Trawling for Language Tips

So far, I haven’t gotten much free advice about fast-fluency language learning. One guy suggested prayer. But I’m not banking on that alone. Another reminded me that a mutual friend used to teach in Kiev and recommended I hit him up for a crash course. As it happens, our mutual friend is the one who arranged for me to lecture in Kiev in the first place. So why didn’t I think of that?

Something tells me that my reader-pool is too small for my blog request to bring lots of experienced fish to the surface. After all, this blog is, like, ten days old. (OK, eleven.) Readers may not share my ambition to learn other languages in preparation for short-term travel. And those who dream about it may think it’s totally irrational to make the effort.

But trawling for language tips on the web brings hope. I found my way back to a site that I’ve enjoyed reading before—Tim Ferris’s blog on The Four-Hour Workweek. Check it out at He has a page on “How to Learn (But Not Master) Any Language in One Hour.” I figured if it didn’t take me an hour to see what he has to say, it could be productive. It was.

We seem to think alike, on this point, at least. His strategy is to size up a language for fluency potential by testing it in specific ways. This takes about an hour. When you’re done, you’ll know enough of the language to know what you’re up against. And that’s a huge first step.

At the top of his article are two screenshots, one titled “Deconstructing Arabic in 45 Minutes,” the other, “Conversational Russian in 60 minutes?” Bingo. Russian. But what’s that question mark about? Ferris has something to say about that later. You know how German is laden with noun cases and variations on the definite article, depending on the role a noun plays in a sentence? Well, he says, “Russian is even worse.” That’s what I needed to hear.

But wait. I like German and I enjoyed studying German in school. So I read on. There isn’t anything more specific about Russian in the article. But his advice is concise and sound (no pun intended). His chief admonition is to treat learning a new language like learning a new sport.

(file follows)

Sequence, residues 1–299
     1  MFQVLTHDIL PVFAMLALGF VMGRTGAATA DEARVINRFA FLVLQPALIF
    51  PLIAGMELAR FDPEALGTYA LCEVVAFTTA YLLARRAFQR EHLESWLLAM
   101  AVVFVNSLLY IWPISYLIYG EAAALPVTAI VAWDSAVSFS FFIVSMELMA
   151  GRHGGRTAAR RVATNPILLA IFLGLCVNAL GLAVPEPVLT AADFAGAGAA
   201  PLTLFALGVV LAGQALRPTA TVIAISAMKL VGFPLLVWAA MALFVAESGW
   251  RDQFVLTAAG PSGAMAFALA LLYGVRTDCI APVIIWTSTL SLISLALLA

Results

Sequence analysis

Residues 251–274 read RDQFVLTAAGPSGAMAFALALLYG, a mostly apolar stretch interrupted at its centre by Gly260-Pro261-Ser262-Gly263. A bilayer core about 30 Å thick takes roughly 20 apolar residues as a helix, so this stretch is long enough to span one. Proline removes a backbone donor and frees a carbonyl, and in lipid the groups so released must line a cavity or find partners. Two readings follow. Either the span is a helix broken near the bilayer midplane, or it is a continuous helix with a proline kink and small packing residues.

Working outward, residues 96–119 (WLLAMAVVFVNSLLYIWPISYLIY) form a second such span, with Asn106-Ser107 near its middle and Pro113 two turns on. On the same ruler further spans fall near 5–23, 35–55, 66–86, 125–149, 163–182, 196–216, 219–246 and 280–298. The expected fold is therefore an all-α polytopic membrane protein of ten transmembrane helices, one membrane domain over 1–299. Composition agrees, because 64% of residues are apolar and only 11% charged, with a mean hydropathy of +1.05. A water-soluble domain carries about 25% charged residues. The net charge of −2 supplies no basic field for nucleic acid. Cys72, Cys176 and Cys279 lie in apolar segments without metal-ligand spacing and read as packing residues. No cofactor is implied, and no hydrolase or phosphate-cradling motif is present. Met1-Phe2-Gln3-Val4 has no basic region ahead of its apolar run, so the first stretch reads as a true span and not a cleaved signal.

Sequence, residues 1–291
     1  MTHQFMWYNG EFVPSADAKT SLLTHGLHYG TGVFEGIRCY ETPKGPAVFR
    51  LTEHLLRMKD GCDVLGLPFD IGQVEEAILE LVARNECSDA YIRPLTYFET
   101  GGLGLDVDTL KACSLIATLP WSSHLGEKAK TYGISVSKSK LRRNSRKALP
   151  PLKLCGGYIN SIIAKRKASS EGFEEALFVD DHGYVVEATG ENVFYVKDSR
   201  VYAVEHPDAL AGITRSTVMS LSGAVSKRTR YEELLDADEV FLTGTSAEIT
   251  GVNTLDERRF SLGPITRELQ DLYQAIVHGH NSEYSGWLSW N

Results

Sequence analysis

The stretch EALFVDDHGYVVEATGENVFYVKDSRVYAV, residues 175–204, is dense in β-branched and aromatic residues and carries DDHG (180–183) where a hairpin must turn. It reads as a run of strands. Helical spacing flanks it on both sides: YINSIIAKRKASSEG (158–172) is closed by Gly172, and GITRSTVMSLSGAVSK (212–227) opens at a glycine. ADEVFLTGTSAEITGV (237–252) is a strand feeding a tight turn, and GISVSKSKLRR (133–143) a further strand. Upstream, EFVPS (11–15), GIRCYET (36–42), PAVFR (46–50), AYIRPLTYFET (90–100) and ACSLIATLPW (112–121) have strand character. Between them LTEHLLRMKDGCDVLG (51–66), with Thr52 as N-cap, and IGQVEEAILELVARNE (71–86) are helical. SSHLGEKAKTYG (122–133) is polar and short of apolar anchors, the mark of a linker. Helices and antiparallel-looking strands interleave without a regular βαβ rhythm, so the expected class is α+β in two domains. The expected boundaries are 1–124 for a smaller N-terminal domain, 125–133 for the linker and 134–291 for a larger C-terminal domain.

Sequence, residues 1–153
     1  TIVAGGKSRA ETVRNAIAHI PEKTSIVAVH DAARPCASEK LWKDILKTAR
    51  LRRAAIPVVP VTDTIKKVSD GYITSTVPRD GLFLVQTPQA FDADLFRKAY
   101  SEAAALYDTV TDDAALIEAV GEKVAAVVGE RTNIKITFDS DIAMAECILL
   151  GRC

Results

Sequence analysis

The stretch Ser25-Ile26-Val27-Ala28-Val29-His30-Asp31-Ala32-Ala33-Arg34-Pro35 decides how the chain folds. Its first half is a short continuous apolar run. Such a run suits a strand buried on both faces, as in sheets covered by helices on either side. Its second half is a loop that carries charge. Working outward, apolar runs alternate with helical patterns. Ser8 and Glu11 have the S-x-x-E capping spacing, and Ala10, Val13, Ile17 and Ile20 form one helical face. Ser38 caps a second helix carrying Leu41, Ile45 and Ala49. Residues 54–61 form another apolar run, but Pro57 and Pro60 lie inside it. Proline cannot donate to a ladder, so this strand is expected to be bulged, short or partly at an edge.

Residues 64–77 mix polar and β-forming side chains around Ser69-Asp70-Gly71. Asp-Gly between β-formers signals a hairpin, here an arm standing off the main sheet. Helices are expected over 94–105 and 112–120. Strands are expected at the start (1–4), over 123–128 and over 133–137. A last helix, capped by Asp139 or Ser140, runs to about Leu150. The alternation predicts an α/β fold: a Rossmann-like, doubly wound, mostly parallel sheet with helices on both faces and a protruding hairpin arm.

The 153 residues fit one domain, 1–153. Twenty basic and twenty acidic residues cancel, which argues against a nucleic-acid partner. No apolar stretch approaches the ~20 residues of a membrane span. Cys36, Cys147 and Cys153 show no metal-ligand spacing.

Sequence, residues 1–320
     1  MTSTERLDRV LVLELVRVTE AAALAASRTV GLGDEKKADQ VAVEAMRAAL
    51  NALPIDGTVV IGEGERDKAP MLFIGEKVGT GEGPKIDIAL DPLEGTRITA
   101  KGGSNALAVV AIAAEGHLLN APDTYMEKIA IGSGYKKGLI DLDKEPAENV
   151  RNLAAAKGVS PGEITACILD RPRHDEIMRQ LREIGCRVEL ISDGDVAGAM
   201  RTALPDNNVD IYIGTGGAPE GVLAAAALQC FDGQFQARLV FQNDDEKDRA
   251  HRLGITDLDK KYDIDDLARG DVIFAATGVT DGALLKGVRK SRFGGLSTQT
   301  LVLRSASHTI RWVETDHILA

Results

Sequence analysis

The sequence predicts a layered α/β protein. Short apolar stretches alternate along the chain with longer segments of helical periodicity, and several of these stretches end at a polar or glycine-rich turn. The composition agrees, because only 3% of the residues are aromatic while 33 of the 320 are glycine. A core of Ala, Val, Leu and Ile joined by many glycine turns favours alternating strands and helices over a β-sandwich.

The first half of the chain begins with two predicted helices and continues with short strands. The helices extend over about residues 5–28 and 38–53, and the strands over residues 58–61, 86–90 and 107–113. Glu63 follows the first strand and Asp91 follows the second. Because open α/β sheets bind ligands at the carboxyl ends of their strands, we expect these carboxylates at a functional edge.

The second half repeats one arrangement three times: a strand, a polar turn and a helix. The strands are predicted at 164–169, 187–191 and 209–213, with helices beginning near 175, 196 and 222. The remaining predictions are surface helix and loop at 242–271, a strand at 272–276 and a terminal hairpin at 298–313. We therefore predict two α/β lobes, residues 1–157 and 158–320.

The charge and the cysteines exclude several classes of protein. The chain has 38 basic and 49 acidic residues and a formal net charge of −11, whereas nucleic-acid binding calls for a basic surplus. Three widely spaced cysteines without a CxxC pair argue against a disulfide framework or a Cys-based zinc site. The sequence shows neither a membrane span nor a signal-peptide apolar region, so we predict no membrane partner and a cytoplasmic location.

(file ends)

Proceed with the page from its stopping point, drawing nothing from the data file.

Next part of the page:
One of the scary things about Russian—encountered right away—is the alphabet. It even has its own name—”Cyrillic.” It’s called that because a 10th century Christian missionary to the Slavic peoples, a fellow named Cyril, had something to do with its invention. The Russian alphabet has a few totally unfamiliar characters. It also has some familiar looking characters, like ‘B’, that don’t sound at all like they do in English (even though there may well be a Russian equivalent for the English pronunciation of a particular character . . . if you follow my drift). The Russian alphabet is a tad longer than the English alphabet, and it includes two or three characters that apparently have no sound at all. On the whole, though, learning the Cyrillic alphabet is really no big deal. In fact, mastering it with surprising ease could lead to premature fancies of fast fluency.

Something especially mysterious to me is the dramatic contrast between some printed Cyrillic characters and their handwritten equivalents. For instance, here’s how “Christianity” looks in printed Cyrillic:

x р и с т и а н с т в о

In handwritten form and italics, the third and sixth characters (pronounced like “ee”) look like the English u, the fifth and tenth characters (pronounced like the English “t”) look like m, and the eleventh character looks like a scrunched down 6, but with the top tip of the character curved back into the center of the character. (I can recreate the word as it should be in italics when I write it in the blog editing window, but the word reverts to the above printed form when it’s saved to the blog page. Another mystery. If anyone can explain that to me, I’d be happy to hear.)

More trawling brings up two sites designed to help language learners connect with native (or otherwise fluent) speakers and writers:

Language learning locations include:

For French:

For Russian:;

For German and Spanish phonetics:

For a translation site, go to:

If you bookmark this site and travel with a laptop, you may be able to leave your foreign language phrasebook and translation dictionary at home.

I press on.


Footnote: Cyril and his brother Methodius labored together among the Slavs. Countries strongly influenced by the Eastern Orthodox church are dotted with well-preserved statues and stained glass portrayals of the pair. They are regarded as the Patron Saints of Europe, and without a doubt their influence in the Christianization of Europe a thousand years ago was considerable. Coincidentally, my last day in Ukraine is May 24, which is Saints Cyril and Methodius day in Eastern Orthodox tradition. On that day, they are often commemorated with a national holiday and remembered for their influence on literary culture and the development of the alphabet—in Russia and the Czech Republic, for instance.